5 things to know about Carmen
1. A seductive novella
After the success of Djamileh at the Opéra-Comique in Paris, Georges Bizet was commissioned to write another work for the theatre. His proposal to base it on Prosper Mérimée’s novella Carmen, however, met with some resistance, as the theatre administrators felt that the subject matter would be too challenging for a family audience. Bizet was forced to change his piece on a number of points and to elevate the role of Micaëla and other more conventional characters.
2. A mixed reception
At the premiere in March 1875, Carmen nonetheless shocked the audience and caused a scandal due to its violation of contemporary conventions. The Opéra-Comique persevered but after 11 months and 48 performances it was taken off the stage and would not be revived there for another eight years. Meanwhile, the work became very popular outside of France; by the end of 1878, successful performances had taken place in Antwerp, Brussels, Budapest, Dublin, London, New York, St Petersburg, Stockholm and Vienna.
3. A scintillating story
The story is set in southern Spain and tells the story of the downfall of Don José, a naïve soldier who is seduced by the wiles of the fiery gypsy Carmen. José abandons his childhood sweetheart and deserts from his military duties, yet loses Carmen's love to the glamorous torero Escamillo, after which José kills her in a jealous rage. The depictions of proletarian life, immorality, and lawlessness, and the tragic death of the main character on stage, broke new ground in French opera and were highly controversial. Carmen forms the bridge between the tradition of opéra comique and the realism or verismo that characterised late 19th-century Italian opera.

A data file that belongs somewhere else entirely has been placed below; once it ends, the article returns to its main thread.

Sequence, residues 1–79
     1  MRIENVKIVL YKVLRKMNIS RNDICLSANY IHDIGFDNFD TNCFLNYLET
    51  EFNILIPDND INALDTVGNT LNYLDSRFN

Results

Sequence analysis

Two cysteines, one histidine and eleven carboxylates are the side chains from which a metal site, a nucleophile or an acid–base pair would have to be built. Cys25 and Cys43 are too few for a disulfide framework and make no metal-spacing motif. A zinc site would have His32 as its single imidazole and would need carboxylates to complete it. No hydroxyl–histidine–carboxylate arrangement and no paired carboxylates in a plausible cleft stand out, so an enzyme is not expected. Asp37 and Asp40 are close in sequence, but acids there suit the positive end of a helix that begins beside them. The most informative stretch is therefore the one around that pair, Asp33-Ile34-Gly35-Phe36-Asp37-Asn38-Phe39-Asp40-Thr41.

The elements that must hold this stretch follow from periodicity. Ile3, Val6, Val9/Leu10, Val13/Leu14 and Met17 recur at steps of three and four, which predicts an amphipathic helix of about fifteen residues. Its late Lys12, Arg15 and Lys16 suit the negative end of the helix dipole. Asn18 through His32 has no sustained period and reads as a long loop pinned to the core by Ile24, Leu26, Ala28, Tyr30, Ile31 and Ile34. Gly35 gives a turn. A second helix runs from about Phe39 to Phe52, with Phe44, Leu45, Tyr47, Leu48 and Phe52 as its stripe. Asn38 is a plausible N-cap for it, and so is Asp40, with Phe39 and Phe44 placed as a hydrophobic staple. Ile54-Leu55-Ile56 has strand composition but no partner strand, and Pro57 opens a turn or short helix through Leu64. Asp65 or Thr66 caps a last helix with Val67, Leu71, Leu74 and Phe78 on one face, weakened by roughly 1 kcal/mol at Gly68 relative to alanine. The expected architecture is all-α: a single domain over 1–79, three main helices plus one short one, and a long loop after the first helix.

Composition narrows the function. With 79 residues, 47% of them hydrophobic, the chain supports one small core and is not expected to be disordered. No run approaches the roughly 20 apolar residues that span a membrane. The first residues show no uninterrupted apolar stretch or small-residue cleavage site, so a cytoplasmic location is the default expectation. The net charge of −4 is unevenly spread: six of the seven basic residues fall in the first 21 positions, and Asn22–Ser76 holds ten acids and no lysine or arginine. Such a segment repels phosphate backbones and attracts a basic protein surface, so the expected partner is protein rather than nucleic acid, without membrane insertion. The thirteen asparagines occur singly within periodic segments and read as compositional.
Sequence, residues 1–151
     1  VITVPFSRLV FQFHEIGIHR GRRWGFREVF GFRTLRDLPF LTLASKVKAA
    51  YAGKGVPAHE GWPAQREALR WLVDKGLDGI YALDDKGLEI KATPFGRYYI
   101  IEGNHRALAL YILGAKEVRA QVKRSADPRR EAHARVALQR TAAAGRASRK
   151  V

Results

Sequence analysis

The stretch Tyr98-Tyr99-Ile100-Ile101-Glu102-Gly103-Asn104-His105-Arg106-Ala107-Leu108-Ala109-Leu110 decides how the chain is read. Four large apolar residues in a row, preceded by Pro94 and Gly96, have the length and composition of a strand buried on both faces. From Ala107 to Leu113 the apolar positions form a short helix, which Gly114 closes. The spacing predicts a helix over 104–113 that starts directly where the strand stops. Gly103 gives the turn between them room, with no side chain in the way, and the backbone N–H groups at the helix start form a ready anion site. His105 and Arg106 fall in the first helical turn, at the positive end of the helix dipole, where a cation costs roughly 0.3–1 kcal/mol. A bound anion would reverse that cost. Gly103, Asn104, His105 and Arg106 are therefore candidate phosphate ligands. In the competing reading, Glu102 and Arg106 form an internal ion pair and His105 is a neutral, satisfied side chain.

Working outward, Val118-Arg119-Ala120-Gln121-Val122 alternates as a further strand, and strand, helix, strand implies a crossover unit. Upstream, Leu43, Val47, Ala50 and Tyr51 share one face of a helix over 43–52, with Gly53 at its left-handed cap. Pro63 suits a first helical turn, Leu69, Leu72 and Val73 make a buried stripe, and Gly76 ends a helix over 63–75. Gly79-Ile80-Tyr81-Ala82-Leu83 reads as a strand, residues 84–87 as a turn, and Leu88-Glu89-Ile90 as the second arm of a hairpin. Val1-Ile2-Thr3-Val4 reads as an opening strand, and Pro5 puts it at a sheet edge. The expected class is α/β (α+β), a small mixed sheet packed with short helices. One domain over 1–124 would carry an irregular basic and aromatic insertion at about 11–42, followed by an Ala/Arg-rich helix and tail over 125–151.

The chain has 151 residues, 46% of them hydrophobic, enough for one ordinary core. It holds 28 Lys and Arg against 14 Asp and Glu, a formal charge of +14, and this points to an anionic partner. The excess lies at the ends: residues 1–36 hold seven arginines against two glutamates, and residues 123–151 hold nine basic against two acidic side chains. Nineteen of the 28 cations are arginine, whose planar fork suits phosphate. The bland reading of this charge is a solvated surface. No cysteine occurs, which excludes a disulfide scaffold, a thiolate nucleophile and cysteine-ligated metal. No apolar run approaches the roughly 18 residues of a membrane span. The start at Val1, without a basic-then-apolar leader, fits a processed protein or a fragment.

4. World Opera Day
This performance from the National Centre for the Performing Arts in Beijing is streamed on Bizet birthday as part of OperaVision’s series of events celebrating the inaugural World Opera Day on 25 October 2019. This initiative is an awareness campaign about the positive impact and value of opera for society. Opera, like other arts, contributes to developing tolerance and understanding, opening minds and connecting people with strong, universal emotions. Just as sport shapes a healthy body, the arts shape a healthy mind.
5. Fabulous music
Bizet died suddenly after the thirty-third performance of the opera, not knowing that his work would gain international recognition over the next ten years. Carmen has since become one of the most popular and most frequently performed operas in the repertoire. Over the years, the score has been subject to significant changes, including the introduction of recitative instead of original spoken dialogue. There is no standard edition of the opera, and there are different opinions about which versions best reflect Bizet's intentions. The opera is highly regarded for its musical qualities, particularly its use of Spanish-inspired melodies and rhythms. The ‘Habanera’ from Act I and the ‘Toreador Song’ from Act II are now among the most famous of all opera arias.